A New Light

+ A sermon for the Epiphany of Our Lord at Holy Cross Lutheran Church, Bellevue, WA on January 6, 2019 +

Texts: Isaiah 60:1-6; Matthew 2:1-12

Grace to you and peace from God our Creator and our Lord and Savior Jesus Christ. Amen.

It’s hard for me to read this story of the visitation of the magi without thinking back to my childhood, to those Christmas pageants that I imagine most of us can remember. dt.common.streams.streamserver
You know, telling the story of Jesus’ birth in front of the whole congregation with a little doll in the manger standing in for the birthday boy.
And then we see the three little kids cautiously stumble on stage dressed in bathrobes and Burger King crowns as everyone sings “We Three Kings.”
Then those little kings mumble the names of their gifts and try to pronounce frankincense and myrrh.
Do you remember those types of pageants?
They give us a cute, almost sentimental, memory of the story we just heard.
One that reminds us to follow the star and give whatever gifts we have to our God—a good message to be sure.

But there are also elements of this story we should be careful not to gloss over.
Parts that may not be suitable for a children’s pageant, but are important for the adults in the room.
Parts that may read more like a political thriller and give this story a darker quality with a deeper meaning.
And it has a lot to do with a character that is often forgotten from these tales: King Herod.

King Herod the Great

Matthew tells us that when the magi come searching for the newborn king of the Jews, Herod and all Jerusalem were frightened.

Who would be frightened at the news of Jesus’ birth?
Who would be frightened at the fulfillment of God’s promises?
Who would be frightened at the coming of the Messiah, of Emmanuel—“God with us”?
Probably someone exactly like Herod.

We know from history and from scripture that Herod was a cruel despot, a puppet king installed by the Roman occupiers of the land who named him the King of the Jews.
He was paranoid, vindictive and used military force and crooked institutions to keep himself in power.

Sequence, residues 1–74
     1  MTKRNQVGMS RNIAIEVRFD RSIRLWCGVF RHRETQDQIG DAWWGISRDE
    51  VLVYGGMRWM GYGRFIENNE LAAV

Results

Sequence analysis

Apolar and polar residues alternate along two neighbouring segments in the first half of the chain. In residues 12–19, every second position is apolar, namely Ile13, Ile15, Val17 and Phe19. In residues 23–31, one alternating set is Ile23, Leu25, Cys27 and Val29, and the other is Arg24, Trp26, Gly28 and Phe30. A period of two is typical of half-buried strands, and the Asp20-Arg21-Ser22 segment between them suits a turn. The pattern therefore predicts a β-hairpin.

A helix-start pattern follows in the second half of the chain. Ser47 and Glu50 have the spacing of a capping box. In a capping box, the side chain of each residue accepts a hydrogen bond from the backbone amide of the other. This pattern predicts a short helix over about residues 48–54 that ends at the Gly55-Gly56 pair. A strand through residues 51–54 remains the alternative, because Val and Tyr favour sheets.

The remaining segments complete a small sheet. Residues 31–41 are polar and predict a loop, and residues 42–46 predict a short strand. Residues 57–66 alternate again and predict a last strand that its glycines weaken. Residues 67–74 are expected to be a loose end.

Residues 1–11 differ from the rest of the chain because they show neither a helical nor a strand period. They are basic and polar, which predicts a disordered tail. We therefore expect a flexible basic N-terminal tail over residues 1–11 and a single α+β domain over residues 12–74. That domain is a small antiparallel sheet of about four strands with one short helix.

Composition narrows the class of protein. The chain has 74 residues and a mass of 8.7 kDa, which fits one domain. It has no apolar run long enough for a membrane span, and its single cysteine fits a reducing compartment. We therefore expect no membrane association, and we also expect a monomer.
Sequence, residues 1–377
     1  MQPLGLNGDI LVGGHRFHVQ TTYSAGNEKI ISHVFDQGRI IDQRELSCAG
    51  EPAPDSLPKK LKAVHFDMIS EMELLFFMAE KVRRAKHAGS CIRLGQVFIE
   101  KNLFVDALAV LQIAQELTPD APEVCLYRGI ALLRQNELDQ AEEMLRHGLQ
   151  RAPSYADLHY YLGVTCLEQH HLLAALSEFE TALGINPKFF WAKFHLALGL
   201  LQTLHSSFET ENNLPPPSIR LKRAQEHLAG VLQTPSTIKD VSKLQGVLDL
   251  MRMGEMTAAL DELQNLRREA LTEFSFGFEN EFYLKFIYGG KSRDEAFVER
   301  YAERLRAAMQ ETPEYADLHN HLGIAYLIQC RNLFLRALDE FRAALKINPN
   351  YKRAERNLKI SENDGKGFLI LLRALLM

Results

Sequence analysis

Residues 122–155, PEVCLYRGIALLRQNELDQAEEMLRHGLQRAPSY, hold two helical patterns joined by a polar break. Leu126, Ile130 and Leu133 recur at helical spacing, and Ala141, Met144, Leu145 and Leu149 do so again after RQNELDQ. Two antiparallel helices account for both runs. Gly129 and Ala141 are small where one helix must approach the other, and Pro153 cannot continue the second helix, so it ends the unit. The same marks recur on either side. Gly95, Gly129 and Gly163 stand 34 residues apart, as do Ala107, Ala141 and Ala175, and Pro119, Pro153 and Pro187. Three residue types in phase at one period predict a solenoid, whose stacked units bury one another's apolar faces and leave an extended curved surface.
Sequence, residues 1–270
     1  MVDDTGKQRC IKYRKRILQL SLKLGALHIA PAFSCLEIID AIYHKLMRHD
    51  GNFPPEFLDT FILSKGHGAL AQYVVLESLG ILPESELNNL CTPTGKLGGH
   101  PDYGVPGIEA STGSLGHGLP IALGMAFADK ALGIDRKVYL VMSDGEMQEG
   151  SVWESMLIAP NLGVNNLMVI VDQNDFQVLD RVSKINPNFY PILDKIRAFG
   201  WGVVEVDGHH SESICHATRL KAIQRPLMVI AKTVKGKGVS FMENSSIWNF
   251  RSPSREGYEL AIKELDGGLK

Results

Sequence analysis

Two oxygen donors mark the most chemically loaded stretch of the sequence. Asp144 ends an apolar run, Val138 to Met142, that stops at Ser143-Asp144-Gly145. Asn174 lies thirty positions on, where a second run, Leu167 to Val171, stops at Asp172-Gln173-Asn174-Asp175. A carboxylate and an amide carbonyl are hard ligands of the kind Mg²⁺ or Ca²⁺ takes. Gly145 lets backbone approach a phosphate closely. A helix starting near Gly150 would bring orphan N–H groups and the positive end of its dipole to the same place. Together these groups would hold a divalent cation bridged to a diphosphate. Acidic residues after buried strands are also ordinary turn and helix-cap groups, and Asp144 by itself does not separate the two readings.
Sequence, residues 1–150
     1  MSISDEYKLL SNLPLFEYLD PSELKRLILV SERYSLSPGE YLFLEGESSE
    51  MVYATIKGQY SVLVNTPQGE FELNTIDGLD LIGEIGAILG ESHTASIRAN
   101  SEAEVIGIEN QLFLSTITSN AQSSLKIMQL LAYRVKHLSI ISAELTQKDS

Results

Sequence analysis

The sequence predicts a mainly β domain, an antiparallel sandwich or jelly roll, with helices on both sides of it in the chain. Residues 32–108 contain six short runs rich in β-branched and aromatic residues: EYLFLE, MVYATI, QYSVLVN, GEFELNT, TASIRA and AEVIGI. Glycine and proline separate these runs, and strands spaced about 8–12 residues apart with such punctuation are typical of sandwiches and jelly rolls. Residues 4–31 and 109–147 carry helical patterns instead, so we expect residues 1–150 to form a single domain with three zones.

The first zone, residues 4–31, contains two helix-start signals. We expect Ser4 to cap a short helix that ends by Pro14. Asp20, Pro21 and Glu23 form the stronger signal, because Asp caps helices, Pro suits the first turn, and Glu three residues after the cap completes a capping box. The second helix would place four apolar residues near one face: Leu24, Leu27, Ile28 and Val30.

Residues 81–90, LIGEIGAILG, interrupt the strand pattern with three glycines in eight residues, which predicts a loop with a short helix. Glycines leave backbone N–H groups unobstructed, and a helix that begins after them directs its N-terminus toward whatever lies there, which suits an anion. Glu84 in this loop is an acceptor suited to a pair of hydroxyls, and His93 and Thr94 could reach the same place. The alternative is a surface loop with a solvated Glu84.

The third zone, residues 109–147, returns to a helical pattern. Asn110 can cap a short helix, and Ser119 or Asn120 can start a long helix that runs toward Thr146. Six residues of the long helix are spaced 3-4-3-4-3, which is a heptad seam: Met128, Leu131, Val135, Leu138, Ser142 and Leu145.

He murdered those who he thought of as a threat—including his sons—and he crushed opposition to his crown.
Without question, he was a tyrant.
And so when these magi from the east come searching for this newly born King of the Jews, Herod sensed a serious threat to his power.

These magi, whom our translations may render as “wise men” and we may call the “three kings,” but were not kings at all.
And we don’t know how many made this journey or if they were only men.
But we do know that they were part of the royal courts in Persia, akin to magicians and astronomers.

“The Adoration of the Magi” by He Qi

Foreigners who saw a sign in the stars that there was a new king in Israel.
Royal officials who traveled to give homage and perhaps even official recognition this new king.
And this very suggestion that there may be a rival to Herod’s throne sends him into a fit of rage.
Matthew tells us that after the magi go home, this tyrant will mercilessly slaughter all the male children of Bethlehem, desperately trying to stamp out this pretender.
And that the Holy Family will escape and flee to Egypt, refugees seeking safety in a foreign land.

No, this is much more than a cute children’s story—this is a story about how and where God chooses to break into our world. How God is revealed to us.

“Epiphany” by John August Swanson

Because while the magi are seeking the light of this star, the word of God and the truth of God born into our humanity, Herod can only see a threat to his power, to his rule of fear, intimidation, and murder.
But like the magi, we see something different by the light of this star.
We see a new king, a promised child, who brings a new way of reigning, who is in fact the opposite of Herod.
A king who will not ground his rule in fear or intimidation or murder, but in love and inclusion and life.
A king who will not couch himself in royal palaces in the capital, but comes among us in a lowly backwater town.
A king that will not desperately grasp onto power but preaches service and self-sacrifice.
We see the light that is the beginning of a story that is told in the life and ministry of Jesus, the King of Kings, who reaches out to the outcast and loves all people, who heals the sick and feeds the poor, who challenges the powerful and lifts up the oppressed.
We see the lasting message of the gospel born as one of us.